Pockets of ionizing radiation, or simply radiation for short (areas where the ambient radiation count exceeds 50 mR per hour) can be found all over the Zone. In the outside areas, radiation tends to be dominant in wide, open spaces and on piles of scrap (such as the dirt or scrap piles in Garbage. Also cars, tractors and anything mechanical). Radiation in itself doesn't form artifacts. When you're in an area with radiation, you can see the radiation indication (in your inventory) increase – the more severe radiation, the faster this meter will go up.
When you have accumulated enough radiation, you'll start to lose health; although radiation will decrease by itself (albeit very slowly) when you're outside of a radioactive area, it's often a good idea to use either Vodka, antirads, or a first aid kit to speed up the process. Areas with severe radiation will make your screen go bright/white.
Radiation can be identified by three different methods in Shadow of Chernobyl;
- A bright blue-white hue, similar to second-generation night-vision modules, which becomes closer to a bright white the more copious the radiation.
- The Geiger counter in your PDA. The more rapid the clicking, the more radiation.
- The radiation bar in your inventory – most radiation sources, without an anti-rad artifact, will fill it up quickly.
Radiation in Shadow of Chernobyl, much like the rare telepathic damage, is extremely devastating – even with 'safe' radiation, around a quarter of the bar, you will likely use several med-kits before it naturally degenerates, and if it climbs to red you can die within ten seconds. Scientific med-kits can be used to neutralize anywhere from 50 to 100% of the radiation in your system, as an alternative to anti-rads.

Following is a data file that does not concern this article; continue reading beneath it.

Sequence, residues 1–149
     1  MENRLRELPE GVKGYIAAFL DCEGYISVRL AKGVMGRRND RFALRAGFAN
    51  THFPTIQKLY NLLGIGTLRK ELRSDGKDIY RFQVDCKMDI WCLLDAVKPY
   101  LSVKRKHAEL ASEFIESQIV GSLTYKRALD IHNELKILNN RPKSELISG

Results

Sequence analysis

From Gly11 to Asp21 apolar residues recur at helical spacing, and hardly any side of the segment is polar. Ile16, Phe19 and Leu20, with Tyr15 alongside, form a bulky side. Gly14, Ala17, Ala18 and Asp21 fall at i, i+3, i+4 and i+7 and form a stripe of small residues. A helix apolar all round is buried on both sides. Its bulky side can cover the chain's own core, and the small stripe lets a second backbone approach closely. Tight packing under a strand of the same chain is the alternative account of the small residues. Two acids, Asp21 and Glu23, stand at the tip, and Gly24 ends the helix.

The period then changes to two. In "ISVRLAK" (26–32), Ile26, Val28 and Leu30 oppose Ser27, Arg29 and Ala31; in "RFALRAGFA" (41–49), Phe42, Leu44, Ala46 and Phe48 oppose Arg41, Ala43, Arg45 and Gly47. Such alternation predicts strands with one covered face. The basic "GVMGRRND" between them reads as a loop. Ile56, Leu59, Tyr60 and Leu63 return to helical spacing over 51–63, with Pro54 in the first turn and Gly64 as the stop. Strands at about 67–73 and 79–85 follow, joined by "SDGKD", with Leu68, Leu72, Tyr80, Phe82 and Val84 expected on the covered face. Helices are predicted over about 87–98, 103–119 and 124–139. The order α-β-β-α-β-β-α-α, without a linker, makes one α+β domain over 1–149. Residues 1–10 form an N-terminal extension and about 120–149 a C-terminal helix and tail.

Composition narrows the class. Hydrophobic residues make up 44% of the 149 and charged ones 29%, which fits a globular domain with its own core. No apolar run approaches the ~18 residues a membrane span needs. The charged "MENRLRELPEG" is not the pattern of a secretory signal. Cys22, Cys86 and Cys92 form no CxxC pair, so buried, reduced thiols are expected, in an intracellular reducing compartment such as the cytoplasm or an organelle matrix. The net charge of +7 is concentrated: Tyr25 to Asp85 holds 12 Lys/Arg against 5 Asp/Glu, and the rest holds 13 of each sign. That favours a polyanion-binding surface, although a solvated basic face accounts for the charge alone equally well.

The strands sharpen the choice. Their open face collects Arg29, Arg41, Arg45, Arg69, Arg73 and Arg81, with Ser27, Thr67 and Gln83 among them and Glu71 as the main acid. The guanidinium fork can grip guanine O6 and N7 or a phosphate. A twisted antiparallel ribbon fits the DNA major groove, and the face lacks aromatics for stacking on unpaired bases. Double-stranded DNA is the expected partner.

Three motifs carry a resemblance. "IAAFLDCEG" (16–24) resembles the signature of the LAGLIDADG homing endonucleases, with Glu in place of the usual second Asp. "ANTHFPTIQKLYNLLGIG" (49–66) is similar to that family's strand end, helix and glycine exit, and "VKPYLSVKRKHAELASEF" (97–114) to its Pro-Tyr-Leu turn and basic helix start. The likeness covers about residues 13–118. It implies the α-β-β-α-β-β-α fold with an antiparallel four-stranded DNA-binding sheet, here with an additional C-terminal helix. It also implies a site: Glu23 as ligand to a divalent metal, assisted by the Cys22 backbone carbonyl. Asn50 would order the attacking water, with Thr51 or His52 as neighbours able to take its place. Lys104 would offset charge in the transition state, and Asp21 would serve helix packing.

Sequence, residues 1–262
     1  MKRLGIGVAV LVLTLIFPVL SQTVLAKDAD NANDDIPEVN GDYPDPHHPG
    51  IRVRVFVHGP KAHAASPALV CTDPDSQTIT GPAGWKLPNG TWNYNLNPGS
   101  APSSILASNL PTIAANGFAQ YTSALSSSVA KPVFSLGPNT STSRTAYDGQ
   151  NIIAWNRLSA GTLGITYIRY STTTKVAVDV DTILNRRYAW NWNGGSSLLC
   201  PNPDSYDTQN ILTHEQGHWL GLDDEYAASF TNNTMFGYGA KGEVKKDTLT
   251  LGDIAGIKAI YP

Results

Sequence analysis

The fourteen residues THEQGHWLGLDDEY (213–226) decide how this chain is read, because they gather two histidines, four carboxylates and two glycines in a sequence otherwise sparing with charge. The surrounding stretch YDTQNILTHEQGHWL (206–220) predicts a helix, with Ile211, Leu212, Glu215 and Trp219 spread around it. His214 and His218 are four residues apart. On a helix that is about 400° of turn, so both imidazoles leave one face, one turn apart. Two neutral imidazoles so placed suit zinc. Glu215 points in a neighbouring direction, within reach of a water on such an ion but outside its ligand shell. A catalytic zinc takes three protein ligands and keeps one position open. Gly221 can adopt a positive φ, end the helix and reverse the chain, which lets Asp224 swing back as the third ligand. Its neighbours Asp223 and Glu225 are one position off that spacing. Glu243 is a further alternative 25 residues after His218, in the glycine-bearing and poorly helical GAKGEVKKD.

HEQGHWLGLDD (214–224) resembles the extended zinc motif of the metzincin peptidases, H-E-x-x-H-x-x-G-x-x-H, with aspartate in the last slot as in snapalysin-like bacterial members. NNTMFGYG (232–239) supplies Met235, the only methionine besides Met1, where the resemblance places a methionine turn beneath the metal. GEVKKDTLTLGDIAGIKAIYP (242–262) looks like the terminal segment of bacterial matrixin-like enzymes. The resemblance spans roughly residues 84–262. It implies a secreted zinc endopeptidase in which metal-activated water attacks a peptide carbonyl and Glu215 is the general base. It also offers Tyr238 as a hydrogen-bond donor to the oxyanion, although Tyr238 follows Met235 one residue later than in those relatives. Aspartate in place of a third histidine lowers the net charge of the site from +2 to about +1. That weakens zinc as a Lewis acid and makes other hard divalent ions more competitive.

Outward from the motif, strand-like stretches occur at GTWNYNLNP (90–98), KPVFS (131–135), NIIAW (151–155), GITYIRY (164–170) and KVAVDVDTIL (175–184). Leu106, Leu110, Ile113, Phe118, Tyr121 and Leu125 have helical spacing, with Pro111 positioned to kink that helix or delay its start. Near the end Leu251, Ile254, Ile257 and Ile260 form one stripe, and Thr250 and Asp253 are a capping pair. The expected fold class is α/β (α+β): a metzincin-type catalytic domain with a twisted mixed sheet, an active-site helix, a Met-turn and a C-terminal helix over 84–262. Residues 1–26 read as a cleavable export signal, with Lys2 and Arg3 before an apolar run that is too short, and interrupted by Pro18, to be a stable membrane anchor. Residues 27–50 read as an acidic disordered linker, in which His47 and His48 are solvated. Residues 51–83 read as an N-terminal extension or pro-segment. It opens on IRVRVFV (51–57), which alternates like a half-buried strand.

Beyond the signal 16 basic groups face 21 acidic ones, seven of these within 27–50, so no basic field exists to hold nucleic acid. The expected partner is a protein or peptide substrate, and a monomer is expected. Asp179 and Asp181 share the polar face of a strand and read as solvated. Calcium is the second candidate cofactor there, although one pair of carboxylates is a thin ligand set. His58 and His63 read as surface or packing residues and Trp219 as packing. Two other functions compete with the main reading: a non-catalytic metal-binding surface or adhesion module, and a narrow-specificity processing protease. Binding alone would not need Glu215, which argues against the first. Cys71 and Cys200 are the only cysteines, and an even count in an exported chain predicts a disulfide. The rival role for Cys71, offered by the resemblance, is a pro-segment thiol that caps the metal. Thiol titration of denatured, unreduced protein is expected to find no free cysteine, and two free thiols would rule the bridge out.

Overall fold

Infinite Radiation BugEdit
A common bug in early versions of Shadow of Chernobyl is that moving to another level with radiation in your system caused the game to 'lock' itself, constantly adding a large amount of radiation at a time. Often times the only way to remedy this was to fill the character's belt with anti-rad artifacts, or to simply reload an earlier save and neutralize the radiation poisoning before making the level crossing.
Radiation can only be identified by the PDA's Geiger counter, but the inventory screen is no longer necessary to determine how much radiation poisoning you suffer from. A small scale in the lower-right beside armor condition displays the amount of radiation in the area, and the red bar inside of it shows how much radiation is in your system. Unlike Shadow of Chernobyl, it is not quite as devastating, and vodka is much more efficient in removing it from your system. Scientific med-kits continue to be very effective for countering radiation poisoning.
Unlike Shadow of Chernobyl, most radioactive areas do not come with an obvious 'light' or screen overlay – the Geiger counter is the most obvious clue if you aren't carefully watching the scale.
Radiation is only a mere nuisance in Call of Pripyat – it is nowhere near as dangerous as it was in Shadow of Chernobyl, nor is it as 'stealthy' as it was in Clear Sky. It is more blatantly obvious, as the player's view goes into an amber monochrome, though the night-vision overlays negate this. Radiation poisoning is signified by a glowing green radiation symbol above the health bar, though in certain cases this may turn yellow or red if the poisoning is severe enough. Most radiation sources can be safely countered with a single anti-rad artifact, and anti-rads, vodka, and some other medicinal items can be used to not only flush rad-poisoning out of the system, but will offer brief (up to 1 minute) periods of protection from further radiation.
- Amazingly, in the real world, nature seems to have adapted to radiation to some degree and has made it a friend rather than enemy. An example of this is the Radiotrophic fungus which was found on CNPP reactor's wall. Read more on Wikipedia.
- The radiation sound effect is also heard in the two Metro games: Metro 2033, and Metro: Last Light, also used to signify radiation.